Reading list | The Princes Islands

Less than an hour from the centre of Istanbul, these small islands in the Sea of Marmara seem a million miles away. Known simply as Adalar (the islands),they are the subject of the fourth of Cornucopia's Istanbul Unwrapped series (issue  53). The pace of life in what are known simply as Adalar (The Islands) is measured by horse-drawn phaeton, while the handsome clapboard houses, pine woods and pure air give the islands a truly rural feel. Both Heybeliada and Büyükada make good bases for exploring the city.

Seen from Istanbul on a summer’s day, the nine Princes Islands seem to float in the heat haze of the Sea of Marmara like a stone Armada anchored off the Anatolian shore. Scores of ferries and private motorboats packed with day-trippers stream out from the city, filling the islands’ stony beaches with swimmers and their pavement fish restaurants with diners. On summer nights the main square of Büyükada (also known as Prinkipo), the largest of the islands, is thronged with chattering teenagers and the terrace of the venerable Splendid Hotel fills with venerable old ladies playing silent games of whist.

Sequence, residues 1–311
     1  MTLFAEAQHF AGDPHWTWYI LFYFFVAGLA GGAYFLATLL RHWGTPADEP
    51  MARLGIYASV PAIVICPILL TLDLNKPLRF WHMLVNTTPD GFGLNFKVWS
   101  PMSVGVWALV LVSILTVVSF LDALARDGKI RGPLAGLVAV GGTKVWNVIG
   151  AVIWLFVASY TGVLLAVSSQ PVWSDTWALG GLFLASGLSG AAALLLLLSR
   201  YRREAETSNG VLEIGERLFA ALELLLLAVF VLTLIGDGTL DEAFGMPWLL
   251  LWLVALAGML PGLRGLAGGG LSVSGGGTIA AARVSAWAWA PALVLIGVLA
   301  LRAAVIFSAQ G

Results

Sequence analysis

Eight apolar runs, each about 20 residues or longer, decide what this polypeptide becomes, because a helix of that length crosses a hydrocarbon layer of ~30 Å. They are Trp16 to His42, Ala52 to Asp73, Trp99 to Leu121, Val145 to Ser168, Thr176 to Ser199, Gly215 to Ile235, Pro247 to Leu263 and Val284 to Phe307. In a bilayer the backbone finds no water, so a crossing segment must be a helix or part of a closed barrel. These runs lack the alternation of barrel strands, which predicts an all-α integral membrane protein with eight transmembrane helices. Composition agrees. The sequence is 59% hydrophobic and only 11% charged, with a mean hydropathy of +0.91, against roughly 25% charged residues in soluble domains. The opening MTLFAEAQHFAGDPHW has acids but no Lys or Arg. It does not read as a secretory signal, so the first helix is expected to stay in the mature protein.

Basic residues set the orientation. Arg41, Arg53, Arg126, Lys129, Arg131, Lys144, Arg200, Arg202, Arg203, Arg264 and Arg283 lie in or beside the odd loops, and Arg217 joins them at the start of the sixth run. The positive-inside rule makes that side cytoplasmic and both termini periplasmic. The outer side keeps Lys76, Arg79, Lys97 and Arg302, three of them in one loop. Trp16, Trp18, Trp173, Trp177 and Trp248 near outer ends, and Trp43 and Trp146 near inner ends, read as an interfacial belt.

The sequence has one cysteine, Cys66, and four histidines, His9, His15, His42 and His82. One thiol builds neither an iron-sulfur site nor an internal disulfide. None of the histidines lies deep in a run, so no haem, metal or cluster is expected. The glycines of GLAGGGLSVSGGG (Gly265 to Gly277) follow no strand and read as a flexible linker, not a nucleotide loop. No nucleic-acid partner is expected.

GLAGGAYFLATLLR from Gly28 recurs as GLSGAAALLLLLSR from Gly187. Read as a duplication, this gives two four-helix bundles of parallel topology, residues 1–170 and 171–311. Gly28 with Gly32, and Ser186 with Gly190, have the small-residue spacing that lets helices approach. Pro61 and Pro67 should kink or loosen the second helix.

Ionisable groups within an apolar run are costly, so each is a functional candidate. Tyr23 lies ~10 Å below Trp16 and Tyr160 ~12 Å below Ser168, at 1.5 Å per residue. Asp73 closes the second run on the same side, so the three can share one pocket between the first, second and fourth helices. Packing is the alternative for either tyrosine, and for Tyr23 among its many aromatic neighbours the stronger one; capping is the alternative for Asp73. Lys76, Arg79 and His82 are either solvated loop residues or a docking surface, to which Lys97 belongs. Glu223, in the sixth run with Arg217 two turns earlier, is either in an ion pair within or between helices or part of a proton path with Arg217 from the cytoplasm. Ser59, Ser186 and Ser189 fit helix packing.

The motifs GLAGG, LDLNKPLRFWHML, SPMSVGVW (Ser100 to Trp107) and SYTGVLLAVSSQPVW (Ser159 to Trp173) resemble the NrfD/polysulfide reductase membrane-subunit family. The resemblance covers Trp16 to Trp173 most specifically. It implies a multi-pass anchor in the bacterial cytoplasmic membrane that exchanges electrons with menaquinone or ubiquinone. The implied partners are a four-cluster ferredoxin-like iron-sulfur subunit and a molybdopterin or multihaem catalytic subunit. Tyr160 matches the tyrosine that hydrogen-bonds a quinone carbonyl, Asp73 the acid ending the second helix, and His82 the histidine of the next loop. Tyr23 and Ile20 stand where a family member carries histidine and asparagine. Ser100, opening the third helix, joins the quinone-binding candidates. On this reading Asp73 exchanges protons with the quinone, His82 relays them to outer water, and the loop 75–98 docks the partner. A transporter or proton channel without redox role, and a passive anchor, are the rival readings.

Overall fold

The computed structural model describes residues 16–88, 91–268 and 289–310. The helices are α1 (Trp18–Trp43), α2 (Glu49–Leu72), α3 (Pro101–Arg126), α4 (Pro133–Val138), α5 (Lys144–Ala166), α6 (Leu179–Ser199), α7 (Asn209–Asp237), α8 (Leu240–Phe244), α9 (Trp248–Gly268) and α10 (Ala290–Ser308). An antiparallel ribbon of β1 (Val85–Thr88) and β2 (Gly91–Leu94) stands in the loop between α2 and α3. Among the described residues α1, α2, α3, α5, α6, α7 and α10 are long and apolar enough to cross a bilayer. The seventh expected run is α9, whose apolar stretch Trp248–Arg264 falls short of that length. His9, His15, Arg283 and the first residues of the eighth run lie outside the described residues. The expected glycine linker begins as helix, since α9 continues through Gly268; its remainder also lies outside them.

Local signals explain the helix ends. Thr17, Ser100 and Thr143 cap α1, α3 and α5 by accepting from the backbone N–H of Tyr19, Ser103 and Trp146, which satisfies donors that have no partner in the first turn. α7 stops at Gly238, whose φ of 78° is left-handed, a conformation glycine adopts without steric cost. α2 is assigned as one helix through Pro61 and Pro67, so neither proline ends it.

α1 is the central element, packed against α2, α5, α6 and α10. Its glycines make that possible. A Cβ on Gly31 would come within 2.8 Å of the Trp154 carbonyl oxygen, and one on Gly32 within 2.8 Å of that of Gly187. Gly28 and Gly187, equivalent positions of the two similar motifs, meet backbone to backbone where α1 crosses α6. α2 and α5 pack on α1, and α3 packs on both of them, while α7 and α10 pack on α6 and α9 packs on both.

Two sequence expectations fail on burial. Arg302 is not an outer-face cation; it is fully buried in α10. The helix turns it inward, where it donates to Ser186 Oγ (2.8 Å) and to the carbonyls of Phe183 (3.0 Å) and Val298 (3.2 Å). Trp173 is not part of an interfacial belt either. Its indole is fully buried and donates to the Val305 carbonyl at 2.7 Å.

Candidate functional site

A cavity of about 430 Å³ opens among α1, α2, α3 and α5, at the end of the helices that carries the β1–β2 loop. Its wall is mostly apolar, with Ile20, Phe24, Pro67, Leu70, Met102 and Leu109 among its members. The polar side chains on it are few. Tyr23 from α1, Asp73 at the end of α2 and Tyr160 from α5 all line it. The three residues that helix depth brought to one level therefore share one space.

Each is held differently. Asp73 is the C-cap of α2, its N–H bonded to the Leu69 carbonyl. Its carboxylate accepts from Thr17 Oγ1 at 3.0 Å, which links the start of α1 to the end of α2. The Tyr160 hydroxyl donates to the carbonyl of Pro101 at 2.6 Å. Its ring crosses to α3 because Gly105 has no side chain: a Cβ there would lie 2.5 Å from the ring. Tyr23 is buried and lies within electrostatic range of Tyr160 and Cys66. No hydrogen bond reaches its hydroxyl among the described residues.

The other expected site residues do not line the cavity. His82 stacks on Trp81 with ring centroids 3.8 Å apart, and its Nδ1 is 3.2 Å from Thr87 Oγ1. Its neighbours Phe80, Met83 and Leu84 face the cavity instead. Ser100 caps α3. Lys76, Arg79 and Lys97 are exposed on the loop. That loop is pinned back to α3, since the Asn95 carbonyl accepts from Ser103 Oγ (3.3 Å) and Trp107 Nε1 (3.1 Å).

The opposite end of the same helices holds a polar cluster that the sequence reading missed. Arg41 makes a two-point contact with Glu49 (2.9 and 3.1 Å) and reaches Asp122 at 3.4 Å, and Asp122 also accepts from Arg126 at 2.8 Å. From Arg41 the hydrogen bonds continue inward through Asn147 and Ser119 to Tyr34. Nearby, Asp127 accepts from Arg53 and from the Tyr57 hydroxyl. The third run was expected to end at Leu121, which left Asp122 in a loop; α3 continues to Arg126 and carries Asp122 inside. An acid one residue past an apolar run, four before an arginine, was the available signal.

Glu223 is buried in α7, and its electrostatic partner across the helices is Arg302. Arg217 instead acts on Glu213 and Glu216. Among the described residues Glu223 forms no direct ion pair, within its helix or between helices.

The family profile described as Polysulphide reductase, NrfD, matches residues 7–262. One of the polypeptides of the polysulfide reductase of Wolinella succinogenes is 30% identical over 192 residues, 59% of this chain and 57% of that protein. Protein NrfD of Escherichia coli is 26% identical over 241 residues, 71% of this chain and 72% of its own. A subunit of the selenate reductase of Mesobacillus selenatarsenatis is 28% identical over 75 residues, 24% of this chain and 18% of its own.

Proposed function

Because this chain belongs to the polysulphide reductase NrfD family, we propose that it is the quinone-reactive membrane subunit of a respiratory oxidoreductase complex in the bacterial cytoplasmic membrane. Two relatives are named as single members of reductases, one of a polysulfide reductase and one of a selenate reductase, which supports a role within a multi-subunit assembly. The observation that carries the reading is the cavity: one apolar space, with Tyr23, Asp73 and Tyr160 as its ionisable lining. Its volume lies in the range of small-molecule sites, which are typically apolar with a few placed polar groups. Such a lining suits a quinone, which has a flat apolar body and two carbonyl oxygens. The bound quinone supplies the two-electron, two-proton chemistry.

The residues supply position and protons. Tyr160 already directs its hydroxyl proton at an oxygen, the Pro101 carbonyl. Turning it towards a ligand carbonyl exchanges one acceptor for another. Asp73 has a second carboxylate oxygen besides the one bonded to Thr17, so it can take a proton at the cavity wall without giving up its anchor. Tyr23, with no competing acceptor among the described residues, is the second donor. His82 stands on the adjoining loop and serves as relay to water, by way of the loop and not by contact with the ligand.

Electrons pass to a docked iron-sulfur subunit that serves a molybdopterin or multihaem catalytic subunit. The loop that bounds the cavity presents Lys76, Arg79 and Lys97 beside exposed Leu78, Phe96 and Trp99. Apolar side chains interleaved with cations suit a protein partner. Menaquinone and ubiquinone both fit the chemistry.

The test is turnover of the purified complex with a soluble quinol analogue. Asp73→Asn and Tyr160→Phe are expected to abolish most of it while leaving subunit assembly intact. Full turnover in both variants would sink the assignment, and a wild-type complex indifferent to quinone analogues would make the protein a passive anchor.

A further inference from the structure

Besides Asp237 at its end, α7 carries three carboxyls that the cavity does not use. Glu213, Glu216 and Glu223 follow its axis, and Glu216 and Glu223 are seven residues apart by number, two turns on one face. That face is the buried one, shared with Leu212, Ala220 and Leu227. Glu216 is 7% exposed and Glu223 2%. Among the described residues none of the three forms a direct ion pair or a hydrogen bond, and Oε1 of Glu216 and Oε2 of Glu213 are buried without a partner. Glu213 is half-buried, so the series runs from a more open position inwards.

But the Princes Islands have not always been the city’s holiday playground. To the early Byzantines, they were the Demonnesoi, the Demons Islands, perhaps in an unconscious echo of the ancient fear of mysterious, bewitched islands that haunts much ancient literature, beginning with The Odyssey. Perhaps, more practically, the demons the Byzantines feared were those who wrecked ships during the Marmara’s short but vicious autumn storms on the treacherous shoals between the islands and the coast – including three phantom islands, now safely marked by lighthouses, which break the surface of the water only at low tide. Or perhaps they were disturbed by the almost supernatural way that the islands, so deadly real to sailors, melt like an insubstantial pageant when the winter sea-fog rolls in and hides them from the eyes of city-dwellers as though they had never existed.

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